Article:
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Wednesday in the Word

Second Baptist Church

December 13, 2017

Exodus  23:14-16

  1. Verses 14-15. The day after Passover begins the seven-day Feast of Unleavened Bread, with a Holy Day (Sabbath) on the first and last day (7 days). This is around the first of the springtime season during the barley harvest. As with Passover, Jesus is seen in this feast too. For seven days, the people were to consume unleavened bread. Leaven/yeast is a symbol of sin in the bible. This unleavened bread is a picture of the sinless Christ. Jesus is the sacrifice of the Passover that takes away the sin, and Jesus is the unleavened bread that we consume that replaces the sin that has been taken from us. We keep this festival now in Christ by eating “the unleavened bread of sincerity and truth” (1 Corinthians 5:8). The week-long Festival of Unleavened Bread was closely associated with the Passover, since it started on the 15th, right after the Passover lambs were killed. Leaven (yeast) was to be removed on the first day (verse 15), and no leaven was to be in the homes for seven days (verse 19). Sacred assemblies were held on the first and seventh days, and ordinary work was forbidden on those days, except for food preparation. It was “a lasting ordinance for the generations to come.” Even foreigners had to abide by the rules (verse 19). Flat, unleavened bread (matzos) was the only bread allowed for this week. The night of the 15th became a commemoration of the escape from Egypt (verses 17, 42, 13:3). Deuteronomy 16:3-8 repeated the regulations and indicated that the Passover lamb was sacrificed on the evening of the first day of unleavened bread (verse 4b). The unleavened bread was a reminder that the Israelites left Egypt in haste (verse 3); they did not have time to put yeast in their dough and let it rise (Exodus 12:34).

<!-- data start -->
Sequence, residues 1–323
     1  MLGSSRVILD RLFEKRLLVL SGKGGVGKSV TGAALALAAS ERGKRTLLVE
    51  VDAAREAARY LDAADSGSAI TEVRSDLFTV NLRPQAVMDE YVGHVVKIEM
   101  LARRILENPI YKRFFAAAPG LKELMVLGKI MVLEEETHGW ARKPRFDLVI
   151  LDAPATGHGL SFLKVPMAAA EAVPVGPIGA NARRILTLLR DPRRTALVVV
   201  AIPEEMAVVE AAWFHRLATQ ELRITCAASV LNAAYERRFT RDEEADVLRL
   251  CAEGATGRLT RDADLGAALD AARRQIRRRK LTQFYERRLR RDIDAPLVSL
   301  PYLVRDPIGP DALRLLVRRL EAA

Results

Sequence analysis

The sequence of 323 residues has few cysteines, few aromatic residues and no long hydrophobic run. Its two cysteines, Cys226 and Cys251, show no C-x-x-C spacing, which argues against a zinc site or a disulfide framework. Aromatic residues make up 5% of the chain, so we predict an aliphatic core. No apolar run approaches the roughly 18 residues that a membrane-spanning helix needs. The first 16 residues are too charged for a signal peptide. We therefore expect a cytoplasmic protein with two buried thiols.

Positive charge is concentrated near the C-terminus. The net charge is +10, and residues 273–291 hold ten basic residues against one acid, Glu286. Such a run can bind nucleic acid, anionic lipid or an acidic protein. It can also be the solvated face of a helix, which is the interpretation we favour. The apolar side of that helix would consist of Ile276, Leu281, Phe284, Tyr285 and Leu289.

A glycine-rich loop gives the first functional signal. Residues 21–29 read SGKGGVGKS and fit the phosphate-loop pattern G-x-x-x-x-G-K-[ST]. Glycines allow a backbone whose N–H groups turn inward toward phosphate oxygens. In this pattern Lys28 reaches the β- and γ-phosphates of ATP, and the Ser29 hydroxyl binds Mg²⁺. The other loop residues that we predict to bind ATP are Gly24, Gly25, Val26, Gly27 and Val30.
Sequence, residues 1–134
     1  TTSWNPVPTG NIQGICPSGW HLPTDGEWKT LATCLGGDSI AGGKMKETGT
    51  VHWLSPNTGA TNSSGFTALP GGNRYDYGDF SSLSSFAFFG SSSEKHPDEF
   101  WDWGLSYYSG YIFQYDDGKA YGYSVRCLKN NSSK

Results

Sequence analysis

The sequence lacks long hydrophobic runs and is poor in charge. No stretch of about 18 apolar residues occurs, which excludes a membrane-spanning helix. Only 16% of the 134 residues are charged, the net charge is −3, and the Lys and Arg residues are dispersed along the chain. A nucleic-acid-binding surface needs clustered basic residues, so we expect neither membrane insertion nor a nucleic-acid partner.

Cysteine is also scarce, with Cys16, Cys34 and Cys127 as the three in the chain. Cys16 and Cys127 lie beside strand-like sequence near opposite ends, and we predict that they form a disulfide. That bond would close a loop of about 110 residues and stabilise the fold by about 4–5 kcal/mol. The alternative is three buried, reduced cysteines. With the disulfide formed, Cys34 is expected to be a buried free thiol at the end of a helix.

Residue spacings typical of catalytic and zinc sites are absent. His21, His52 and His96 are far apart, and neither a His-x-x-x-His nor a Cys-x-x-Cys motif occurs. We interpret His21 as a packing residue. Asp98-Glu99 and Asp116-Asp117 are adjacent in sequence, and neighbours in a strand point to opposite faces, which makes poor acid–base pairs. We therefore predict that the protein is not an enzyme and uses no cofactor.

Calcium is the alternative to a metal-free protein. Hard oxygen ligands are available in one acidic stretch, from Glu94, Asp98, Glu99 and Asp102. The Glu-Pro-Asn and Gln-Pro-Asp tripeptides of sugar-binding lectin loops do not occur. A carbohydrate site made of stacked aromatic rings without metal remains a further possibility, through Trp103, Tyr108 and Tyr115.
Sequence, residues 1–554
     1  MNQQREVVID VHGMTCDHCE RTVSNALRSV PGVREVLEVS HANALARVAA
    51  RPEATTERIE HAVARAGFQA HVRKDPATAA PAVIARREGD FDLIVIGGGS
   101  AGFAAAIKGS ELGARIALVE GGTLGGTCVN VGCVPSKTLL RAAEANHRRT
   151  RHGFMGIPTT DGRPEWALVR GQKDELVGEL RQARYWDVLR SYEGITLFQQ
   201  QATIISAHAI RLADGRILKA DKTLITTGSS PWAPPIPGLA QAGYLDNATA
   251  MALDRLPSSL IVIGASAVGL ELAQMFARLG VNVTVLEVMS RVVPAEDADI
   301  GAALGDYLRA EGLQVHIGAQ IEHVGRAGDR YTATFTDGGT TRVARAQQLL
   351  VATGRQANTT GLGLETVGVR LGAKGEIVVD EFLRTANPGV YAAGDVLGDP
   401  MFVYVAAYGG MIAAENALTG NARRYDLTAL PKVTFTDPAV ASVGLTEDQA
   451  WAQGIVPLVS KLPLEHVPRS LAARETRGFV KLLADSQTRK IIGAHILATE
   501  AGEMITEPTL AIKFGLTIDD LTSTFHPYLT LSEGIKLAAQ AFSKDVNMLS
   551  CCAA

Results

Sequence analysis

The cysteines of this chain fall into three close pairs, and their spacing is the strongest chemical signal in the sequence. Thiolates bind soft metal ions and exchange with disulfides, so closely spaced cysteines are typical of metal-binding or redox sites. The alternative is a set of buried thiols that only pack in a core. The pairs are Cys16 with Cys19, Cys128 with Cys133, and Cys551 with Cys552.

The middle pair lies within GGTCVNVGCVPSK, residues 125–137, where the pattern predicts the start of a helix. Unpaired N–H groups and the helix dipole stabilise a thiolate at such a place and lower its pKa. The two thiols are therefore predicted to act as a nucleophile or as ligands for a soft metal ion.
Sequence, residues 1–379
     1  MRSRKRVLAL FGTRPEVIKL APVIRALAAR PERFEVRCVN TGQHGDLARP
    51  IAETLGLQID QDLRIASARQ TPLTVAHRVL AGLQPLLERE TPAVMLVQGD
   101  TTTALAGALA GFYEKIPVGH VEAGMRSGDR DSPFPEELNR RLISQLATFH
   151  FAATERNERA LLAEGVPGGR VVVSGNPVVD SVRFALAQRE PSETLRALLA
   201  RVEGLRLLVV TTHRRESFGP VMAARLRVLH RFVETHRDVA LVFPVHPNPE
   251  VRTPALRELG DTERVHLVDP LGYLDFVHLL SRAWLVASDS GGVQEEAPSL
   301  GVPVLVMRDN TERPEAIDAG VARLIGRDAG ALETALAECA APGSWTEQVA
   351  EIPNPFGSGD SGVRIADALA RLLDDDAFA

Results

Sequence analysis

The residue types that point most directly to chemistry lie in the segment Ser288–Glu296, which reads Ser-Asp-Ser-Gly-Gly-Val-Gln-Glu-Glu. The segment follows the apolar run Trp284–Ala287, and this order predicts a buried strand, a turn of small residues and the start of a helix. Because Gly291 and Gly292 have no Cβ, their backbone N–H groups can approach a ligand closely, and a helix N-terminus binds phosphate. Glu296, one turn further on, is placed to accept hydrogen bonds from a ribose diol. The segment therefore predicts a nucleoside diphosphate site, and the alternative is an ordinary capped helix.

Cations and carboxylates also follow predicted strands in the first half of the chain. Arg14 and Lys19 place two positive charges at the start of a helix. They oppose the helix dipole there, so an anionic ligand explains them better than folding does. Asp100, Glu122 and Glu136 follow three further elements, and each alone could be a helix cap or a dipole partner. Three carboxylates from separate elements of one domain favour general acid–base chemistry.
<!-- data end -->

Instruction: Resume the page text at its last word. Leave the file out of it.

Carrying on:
2. Verse 16a. Associated with the Festival of Unleavened Bread was the Festival of First fruits/waving the first fruits, the first part of the spring grain harvest. Before any new grain could be eaten, some grain had to be waved before God, with lamb, grain, oil and wine offerings (Leviticus 23:10-14). This ceremony involved the priests, and there was little for the people to do. It was not a Sabbath or a sacred assembly. Fifty days after the wave sheaf offering, at the end of the grain harvest, was the festival now known as Pentecost (a Greek word meaning fiftieth), which was a sacred assembly, a day on which regular work was forbidden (verses 15-21). Leavened loaves were to be offered with animals, grain and drink offerings—“a lasting ordinance for generations to come, wherever you live.”

  3. Verse 16b. The Feast of Tabernacles: The autumn harvest festival was the third main festival season. The first day of the seven-day festival was a sacred assembly on which regular work was forbidden. The people were to collect fruit, palm fronds and leafy branches, and live in crude shelters for seven days. It was a lasting ordinance for all “native-born Israelites,” reminding them of the Exodus from Egypt. The festival was to be kept at a central site, and it was a time for joy and celebration that included Gentiles who lived among the Israelites. Every seventh year, in the sabbatical year in which crops were not harvested and slaves were released, the law was to be read publicly during this festival. In those years, it would have been a festival of liberation rather than a harvest festival. After the Passover (symbolizing Christ sacrifice), the Feast of Unleavened bread (accepting Jesus as your bread of life), and the Feast of First fruits (symbolizing our resurrection with Christ 1 Cor 15:23), then we have the Feast of Tabernacles (symbolizing our abiding in God--Matthew 1:23).

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